But after the election of Spencer Cox as Utah’s governor last November, the other candidate in that 2017 election, Karen Peterson, was promoted in her state job and decided to resign from the city council. Her seat was opened, and I applied, ending up as one of five candidates to fill the rest of her term and (potentially) run as an “incumbent” this November for a full four-year term.
I had my interview with the other four candidates, and I thought I did an okay job. Granted, I didn’t have a slide show like the candidate selected, nor was my wife sitting behind me during the interview, but I tried to express my thoughts as clearly as I could. Maybe I was thrown off a bit by the format, and changed my “presentation” around anticipated questions, but in couple hour old hindsight, I wish I would have expressed how I actually felt. What I actually thought what Clinton needed.
Instead, I sat idly by listening while coded language was used to discuss an opposition to “affordable housing” for all the reasons you would expect to hear from NIMBYs in one of the most conservative counties in one of the most conservative states. About a focus on “growth” that didn’t address the finite space and water available for future developments. I should have complained about the traffic; that seemed to be a winning argument. Or talked wistfully about how there used to be farms everywhere when I moved here… but there weren’t.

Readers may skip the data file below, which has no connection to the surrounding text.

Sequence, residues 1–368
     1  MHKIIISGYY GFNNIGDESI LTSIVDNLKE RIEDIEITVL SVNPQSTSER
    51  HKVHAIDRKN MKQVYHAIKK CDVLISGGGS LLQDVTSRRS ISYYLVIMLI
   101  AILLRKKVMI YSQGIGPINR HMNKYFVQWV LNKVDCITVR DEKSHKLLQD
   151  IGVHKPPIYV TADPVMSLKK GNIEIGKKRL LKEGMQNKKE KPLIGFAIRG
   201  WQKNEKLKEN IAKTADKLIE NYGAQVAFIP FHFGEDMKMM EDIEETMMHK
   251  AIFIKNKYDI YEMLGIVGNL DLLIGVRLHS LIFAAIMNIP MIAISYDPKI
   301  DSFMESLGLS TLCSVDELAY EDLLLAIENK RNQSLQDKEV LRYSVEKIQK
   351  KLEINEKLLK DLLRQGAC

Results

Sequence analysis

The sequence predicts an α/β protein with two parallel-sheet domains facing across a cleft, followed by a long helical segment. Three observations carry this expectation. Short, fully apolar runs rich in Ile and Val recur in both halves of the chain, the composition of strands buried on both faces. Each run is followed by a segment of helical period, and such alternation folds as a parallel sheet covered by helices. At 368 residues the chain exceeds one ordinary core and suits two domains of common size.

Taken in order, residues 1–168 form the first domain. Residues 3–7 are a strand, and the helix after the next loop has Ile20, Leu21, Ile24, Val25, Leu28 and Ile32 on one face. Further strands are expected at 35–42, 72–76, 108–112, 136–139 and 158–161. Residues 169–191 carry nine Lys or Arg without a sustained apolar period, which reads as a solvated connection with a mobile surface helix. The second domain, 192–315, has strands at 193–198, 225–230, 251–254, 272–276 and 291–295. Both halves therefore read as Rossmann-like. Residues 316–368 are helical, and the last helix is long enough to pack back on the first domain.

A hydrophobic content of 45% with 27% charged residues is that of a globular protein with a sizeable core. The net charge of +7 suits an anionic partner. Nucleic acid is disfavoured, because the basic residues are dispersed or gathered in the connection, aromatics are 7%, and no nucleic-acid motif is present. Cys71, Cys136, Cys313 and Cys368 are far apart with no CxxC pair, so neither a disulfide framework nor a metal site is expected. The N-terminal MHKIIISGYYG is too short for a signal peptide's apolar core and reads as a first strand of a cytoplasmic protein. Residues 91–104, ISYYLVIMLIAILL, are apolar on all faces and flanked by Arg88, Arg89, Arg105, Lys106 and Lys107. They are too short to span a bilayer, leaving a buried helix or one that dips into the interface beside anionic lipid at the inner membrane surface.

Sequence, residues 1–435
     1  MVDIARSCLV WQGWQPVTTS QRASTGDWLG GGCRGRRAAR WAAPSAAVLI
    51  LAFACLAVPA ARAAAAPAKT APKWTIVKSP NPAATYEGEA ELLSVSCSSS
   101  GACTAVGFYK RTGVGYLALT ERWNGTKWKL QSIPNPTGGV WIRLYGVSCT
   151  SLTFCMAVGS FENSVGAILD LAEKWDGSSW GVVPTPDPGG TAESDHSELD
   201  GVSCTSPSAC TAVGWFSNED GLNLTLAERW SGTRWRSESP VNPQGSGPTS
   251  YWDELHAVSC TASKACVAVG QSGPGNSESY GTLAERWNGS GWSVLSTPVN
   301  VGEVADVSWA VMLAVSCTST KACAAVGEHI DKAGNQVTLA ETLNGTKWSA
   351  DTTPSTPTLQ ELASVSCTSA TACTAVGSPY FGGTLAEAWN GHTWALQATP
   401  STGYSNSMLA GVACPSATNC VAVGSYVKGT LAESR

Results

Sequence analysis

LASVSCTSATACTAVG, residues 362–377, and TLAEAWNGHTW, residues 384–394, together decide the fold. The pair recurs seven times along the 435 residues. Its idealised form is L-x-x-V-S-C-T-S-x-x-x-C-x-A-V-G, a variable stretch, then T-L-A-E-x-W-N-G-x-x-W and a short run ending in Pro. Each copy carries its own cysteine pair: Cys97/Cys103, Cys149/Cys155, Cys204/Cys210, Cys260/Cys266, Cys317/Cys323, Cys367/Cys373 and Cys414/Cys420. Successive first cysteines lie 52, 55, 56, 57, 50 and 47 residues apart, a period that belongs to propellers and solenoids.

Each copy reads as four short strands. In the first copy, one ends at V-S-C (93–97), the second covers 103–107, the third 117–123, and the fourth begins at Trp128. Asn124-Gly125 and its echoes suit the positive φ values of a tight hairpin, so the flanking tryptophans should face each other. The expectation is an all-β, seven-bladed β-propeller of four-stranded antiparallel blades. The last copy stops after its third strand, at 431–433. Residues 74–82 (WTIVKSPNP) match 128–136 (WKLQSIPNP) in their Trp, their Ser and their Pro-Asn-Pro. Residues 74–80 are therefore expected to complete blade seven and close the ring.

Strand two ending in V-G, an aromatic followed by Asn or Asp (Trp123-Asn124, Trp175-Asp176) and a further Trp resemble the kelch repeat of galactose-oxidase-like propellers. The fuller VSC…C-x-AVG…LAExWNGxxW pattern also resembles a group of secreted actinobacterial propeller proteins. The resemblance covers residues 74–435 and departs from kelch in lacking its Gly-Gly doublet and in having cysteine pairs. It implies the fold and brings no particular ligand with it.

Once there were five candidates announced, I knew my odds were pretty slim. I haven’t been on the planning commission for one day, let alone 19 years. And I’m glad that I was able to espouse my comparatively “liberal” ideas about building housing so all can afford it and trying to limit future growth based on dwindling water supplies. I was so flustered, I wasn’t even able to mention how the recent UTOPIA fiber installation to bring wireless to our parks should be expanded to our neighborhoods and offered as a public utility. But I’m sure that wouldn’t have helped either.
In preparation for the interview tonight, I reflected on some of the things I wrote 3 1/2 years ago when I was running for city council. Noble things like working for free and only serving one term to allow others the opportunity to serve. Maybe those things were too idealistic for a city that has a long-tenured council and mayor. Maybe it didn’t matter or the right people didn’t see those thoughts.
I used to be excited to see where Clinton would find itself in the next ten years, but now I am resigned to the fact that the people in charge are more content with the status quo, the constant construction of single-family homes on smaller and smaller plots of land that used to be green space, these new homes needing lush lawns in the middle of the desert for some reason. And that’s okay. It’s just not the place I want to live anymore.
The question still remains (for the moment) of where the Eberhards will eventually end up, and how soon that move is made. And I don’t know if the next move will be the final one, or if that wanderlust will result in multiple stops over the next however many years. I have some ideas, but who knows what the future will actually bring.
Not being picked, or even making the “second” round of votes, is not the reason why we’ll be leaving. That’d be a real petty thing to base things on, and I am not that petty of a person. It’s just the last nail in the coffin, the penultimate thing that makes it easier to want to put this state in the rear view and move on to the next adventure.